Teen pregnancy story shocks
I write with reference to your extremely misleading and poorly written lead article ("Taiwan tops list of single teen moms," June 29, page 1).
If the intention of the article was to shock, I must say you succeeded in shocking your readers with a sloppy standard of reporting that we are not accustomed to seeing in a quality newspaper such as the Taipei Times. The issues of abortion, teenage sexual activity, teenage motherhood and pregnancy out of wedlock are all mixed up together, so that despite repeated readings the article makes little sense and omits important information to support its sensationalist claims.
The article's failings start with its title. Although we are informed that 15 to 17 out of every 1,000 mothers in the country are teenagers, no mention is made of their marital status.
Furthermore, the list of neighboring countries that Taiwan is supposed to top appears to include just Japan and South Korea, where again no mention is made of the marital status of teenage mothers.
A more responsibly written article would have put Taiwan's figures in a worldwide perspective and clearly distinguished between single and married teenage mothers.
Second, the data presented to support the claim made in the title is curiously dated. According to the article, they refer to the period from 1986 to 1996. Other figures, which are pre-sented as evidence of increased sexual activity in teenagers refer to the period from 1980 to 1997.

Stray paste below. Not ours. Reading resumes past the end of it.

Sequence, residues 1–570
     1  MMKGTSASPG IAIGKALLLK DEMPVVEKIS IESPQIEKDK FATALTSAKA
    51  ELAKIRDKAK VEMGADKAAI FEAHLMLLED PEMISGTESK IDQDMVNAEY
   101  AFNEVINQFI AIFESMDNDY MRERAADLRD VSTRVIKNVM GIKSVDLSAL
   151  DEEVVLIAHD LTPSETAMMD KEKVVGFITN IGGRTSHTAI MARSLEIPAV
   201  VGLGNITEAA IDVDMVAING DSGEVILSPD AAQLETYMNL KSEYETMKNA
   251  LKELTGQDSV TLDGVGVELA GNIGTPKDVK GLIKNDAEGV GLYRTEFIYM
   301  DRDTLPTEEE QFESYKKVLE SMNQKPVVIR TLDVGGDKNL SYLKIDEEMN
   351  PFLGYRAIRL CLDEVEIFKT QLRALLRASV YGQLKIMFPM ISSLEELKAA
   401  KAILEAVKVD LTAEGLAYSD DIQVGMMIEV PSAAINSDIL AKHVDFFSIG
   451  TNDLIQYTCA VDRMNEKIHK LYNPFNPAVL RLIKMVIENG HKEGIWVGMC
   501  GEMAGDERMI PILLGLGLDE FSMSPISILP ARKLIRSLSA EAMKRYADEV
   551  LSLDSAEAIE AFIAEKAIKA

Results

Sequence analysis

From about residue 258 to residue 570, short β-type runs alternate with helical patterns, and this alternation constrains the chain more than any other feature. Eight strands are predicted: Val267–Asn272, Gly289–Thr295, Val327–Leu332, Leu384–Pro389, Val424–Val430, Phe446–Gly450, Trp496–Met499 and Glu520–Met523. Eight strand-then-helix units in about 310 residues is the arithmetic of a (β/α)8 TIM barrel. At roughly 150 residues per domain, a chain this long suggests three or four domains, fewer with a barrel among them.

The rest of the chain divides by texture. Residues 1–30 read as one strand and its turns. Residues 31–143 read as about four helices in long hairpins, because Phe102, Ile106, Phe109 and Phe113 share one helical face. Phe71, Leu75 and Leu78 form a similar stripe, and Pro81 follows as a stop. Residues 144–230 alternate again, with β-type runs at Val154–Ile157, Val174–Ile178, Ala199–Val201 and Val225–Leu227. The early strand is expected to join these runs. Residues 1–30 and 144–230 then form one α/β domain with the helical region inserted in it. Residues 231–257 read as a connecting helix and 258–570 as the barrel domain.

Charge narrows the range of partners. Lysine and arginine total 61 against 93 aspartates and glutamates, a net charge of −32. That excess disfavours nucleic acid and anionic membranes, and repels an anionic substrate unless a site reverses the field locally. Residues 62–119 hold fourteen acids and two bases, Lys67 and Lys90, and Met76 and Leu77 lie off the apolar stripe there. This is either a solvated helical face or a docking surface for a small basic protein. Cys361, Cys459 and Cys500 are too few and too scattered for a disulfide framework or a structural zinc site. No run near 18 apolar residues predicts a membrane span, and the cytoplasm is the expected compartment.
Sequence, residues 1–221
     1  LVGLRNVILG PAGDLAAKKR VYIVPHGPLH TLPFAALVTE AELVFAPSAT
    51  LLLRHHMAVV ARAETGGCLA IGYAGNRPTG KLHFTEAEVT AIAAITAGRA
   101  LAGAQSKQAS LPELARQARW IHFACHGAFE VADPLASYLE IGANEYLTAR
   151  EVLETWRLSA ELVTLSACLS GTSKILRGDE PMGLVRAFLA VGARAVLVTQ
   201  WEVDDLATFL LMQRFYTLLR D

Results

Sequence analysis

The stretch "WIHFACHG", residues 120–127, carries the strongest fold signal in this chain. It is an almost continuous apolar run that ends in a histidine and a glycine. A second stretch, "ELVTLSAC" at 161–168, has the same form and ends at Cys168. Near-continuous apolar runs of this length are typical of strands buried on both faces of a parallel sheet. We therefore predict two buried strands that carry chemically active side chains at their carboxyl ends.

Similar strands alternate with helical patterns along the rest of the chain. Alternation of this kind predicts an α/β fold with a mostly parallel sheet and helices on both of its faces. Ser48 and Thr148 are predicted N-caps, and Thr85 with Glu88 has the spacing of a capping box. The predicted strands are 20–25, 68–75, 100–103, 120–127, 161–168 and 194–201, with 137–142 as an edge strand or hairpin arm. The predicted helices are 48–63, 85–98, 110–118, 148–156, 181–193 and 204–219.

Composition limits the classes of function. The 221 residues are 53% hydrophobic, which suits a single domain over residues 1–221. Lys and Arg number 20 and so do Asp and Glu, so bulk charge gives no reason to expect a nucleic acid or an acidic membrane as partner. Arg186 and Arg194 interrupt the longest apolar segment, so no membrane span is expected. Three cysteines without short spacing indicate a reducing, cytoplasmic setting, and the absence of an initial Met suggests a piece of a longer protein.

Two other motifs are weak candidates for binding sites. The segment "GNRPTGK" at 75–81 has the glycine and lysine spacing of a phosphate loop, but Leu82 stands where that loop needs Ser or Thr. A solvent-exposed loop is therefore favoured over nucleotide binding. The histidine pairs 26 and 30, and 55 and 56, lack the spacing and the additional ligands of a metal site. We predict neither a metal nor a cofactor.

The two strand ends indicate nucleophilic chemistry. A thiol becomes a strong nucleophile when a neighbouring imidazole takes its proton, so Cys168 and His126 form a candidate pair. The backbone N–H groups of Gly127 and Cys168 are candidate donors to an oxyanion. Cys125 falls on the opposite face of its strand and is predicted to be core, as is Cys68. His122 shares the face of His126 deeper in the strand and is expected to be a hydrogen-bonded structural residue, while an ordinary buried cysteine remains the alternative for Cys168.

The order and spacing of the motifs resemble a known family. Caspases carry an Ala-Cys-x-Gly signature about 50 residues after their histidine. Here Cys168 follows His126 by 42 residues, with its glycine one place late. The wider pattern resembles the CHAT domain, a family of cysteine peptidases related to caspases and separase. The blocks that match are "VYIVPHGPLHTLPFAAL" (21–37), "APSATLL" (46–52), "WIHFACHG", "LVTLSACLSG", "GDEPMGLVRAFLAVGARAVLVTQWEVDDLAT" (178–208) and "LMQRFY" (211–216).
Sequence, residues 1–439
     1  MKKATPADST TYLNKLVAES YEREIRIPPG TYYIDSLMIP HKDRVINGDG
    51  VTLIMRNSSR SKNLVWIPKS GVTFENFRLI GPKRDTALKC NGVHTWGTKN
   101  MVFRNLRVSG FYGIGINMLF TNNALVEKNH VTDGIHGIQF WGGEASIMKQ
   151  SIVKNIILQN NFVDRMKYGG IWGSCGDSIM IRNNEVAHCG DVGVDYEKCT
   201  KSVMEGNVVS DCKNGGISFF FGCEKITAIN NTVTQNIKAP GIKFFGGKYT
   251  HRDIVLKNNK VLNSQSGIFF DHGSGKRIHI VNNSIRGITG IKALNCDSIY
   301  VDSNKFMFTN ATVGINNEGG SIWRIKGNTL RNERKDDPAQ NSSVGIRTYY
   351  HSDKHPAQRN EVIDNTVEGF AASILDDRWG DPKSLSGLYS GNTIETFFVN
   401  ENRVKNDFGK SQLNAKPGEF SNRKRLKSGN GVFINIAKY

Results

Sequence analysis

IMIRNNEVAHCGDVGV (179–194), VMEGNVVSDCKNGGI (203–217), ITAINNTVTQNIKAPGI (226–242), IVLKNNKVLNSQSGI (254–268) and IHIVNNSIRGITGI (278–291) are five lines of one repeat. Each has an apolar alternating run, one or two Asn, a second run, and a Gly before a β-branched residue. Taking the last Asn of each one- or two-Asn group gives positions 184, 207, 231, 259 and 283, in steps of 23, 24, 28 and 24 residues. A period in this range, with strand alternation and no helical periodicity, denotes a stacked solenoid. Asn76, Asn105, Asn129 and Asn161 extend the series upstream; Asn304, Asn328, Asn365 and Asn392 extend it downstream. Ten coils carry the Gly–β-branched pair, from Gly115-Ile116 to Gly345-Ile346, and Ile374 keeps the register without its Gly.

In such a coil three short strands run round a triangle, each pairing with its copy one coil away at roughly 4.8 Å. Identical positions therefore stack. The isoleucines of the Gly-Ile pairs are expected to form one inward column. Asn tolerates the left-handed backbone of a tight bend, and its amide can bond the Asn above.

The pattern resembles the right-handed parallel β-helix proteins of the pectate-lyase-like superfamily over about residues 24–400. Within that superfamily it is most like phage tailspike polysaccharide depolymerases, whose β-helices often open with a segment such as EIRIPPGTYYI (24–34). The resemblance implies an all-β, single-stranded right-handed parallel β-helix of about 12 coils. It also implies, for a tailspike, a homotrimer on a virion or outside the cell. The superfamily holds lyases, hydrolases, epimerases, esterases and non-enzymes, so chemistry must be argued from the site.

If the report to which the article refers was released just the day before, one wonders what it contained that was new, and why such information was not reported. Perhaps it was just not shocking enough.
The most recent figures come from a survey by the Bureau of Health Promotion and refer to the period from 1995 to 2000. These figures show an increase in sexual activity among boys and girls, but without any mention of an age-group they are meaningless and confusing, particularly in the light of the much higher numbers mentioned in earlier paragraphs.
Given the ongoing topicality of teenage sexual activity in Taiwan, I look forward to reading a fuller and more coherent treatment of the subject in the pages of your newspaper soon.
Beware of China's trap
When China proposed its "one country, two systems" scheme about two decades ago, it set a trap for Taiwan. It never meant the coexistence of two systems; rather, it intended to have a big system and a small one, just like a cat and a mouse. Once a mouse gets into a trap, it will be swallowed by the cat. This is exactly what has happened to Hong Kong in just six years.
In order to gain the approval of Hong Kong's people and the nations of the free world, China promised that Hong Kong's system and way of life would be preserved for 50 years. It was a very attractive trap and fooled many of Hong Kong's people and the free world.
In 1997, China was so proud of its trick that a count-down clock was set up in Tiananmen Square.
Once the People's Liberation Army -- 4,000 troops' worth -- got into Hong Kong, Beijing didn't care what it had promised. Its main concern was how to convert the three branches of Hong Kong government into a Chinese system.
First, it appointed a pro-China puppet, Tung Chee-hwa (